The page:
The level of filtrate collected at both low and high temperatures, with or without salt, makes this polymer not only suitable to cement “liners” or “squeeze cementing” jobs but also for primary cementing and shallow wells at low temperature. The other advantage is that there is no need to change/adapt their slurry formulations depending upon the well environment. The polymer is effective in most well conditions and formations. Though the cement slurry still remains manageable and pumpable at this dosage, the overall rheology data is a quite high. For that purpose, the polymer efficiency was tested at lower polymer dosage. The results are set forth in Table 5 and 6.

TABLE 5
Test No 8 Test No 9 Test No 10
Salt Content 0 18%, BWOW 36%, BWOW
Rheology, Baroid 286
Slurry Conditioning B.C. A.C. A.C. B.C. A.C. A.C. B.C. A.C. A.C.
Test temperature, ° F. 81 75.8 173.6 82 79.1 178.1 80.6 79.1 173.1
300 rpm Dial Readings 259 252 166 257 270 144 298 268 113
DR 200 rpm DR 180 173 110 184 193 102 218 200 76
DR 100 rpm DR 88 92 56 101 104 58 122 106 39
DR 6 rpm DR 6 6 3 8 7 7 10 7.5 3
DR 3 rpm DR 4 3 2 4.5 4 4 6 4.5 1.5
Plastic viscvosity, cPs 256.5 240 165 234 249 129 264 243 111
Yield value, lb/100 ft2 2.5 12 1 23 21 15 34 25 2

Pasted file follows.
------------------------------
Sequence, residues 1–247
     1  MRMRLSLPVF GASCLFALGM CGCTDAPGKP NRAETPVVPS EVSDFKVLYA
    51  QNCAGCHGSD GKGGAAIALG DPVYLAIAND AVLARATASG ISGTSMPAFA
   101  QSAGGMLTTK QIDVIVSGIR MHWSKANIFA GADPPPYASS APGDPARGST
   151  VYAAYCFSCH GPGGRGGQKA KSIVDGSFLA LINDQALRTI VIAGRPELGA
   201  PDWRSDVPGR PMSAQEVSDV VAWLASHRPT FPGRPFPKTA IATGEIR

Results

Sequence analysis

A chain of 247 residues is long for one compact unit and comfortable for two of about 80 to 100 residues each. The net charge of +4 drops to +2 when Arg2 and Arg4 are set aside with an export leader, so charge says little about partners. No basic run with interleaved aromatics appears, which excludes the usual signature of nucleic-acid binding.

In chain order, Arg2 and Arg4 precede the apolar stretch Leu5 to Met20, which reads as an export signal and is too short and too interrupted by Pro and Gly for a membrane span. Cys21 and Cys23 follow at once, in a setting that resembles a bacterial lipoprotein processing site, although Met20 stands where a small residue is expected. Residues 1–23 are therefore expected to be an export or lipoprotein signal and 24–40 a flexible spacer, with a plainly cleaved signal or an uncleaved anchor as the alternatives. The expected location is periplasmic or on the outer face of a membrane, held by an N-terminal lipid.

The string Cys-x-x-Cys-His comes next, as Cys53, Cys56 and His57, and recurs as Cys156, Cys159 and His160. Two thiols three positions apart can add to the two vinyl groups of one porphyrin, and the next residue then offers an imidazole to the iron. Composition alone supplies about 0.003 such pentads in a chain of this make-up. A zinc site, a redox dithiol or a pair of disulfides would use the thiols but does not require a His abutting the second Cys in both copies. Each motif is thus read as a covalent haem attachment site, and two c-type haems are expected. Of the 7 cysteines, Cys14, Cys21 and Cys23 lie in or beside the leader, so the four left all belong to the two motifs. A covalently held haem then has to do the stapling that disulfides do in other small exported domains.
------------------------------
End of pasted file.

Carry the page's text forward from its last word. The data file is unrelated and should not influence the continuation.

Filtration, 1000 psi
Slurry Conditioning A.C. A.C. A.C. A.C. A.C. A.C. A.C. A.C. A.C.
Test temperature, ° F. 80 180 350 80 180 350 80 180 350
API fluid loss, ml 18 21.2 34.4 17.6 24 37.6 15.6 22 42

TABLE
Rheology and fluid loss performance data of Example 3 at 0.50% BWOC active polymer
Test No 11 Test No 12 Test No 13
Salt Content 0 18%, BWOW 36%, BWOW
Rheology, Baroid 286
Slurry Conditioning B.C. A.C. A.C. B.C. A.C. A.C. B.C. A.C. A.C.
Test temperature, ° F. 80.5 77.4 172.5 77.8 76.6 172.4 80 77.3 176.6
300 rpm Dial Readings 170 162 90 221 185 108 255 200 93
DR 200 rpm DR 116 109 56 157 123 76 18 140 63.5
DR 100 rpm DR 59 56 27 83 63 40 101 75 34
DR 6 rpm DR 4 4 1.5 6.5 5 3 8 6 4
DR 3 rpm DR 2.5 2 1 3 3 2 5 4 3.5
Plastic viscvosity, cPs 166.5 159 94.5 207 183 102 231 187.5 88.5
Yield value, lb/100 ft2 3.5 3 −4.5 14 2 6 24 12.5 4.5
Filtration, 1000 psi
Slurry Conditioning A.C. A.C. A.C. A.C. A.C. A.C. A.C. A.C. A.C.
Test temperature, ° F. 80 180 350 80 180 350 80 180 350
API fluid loss, ml 28.8 36.8 74.4 44.2 39.6 101.4 26 35.6 103.2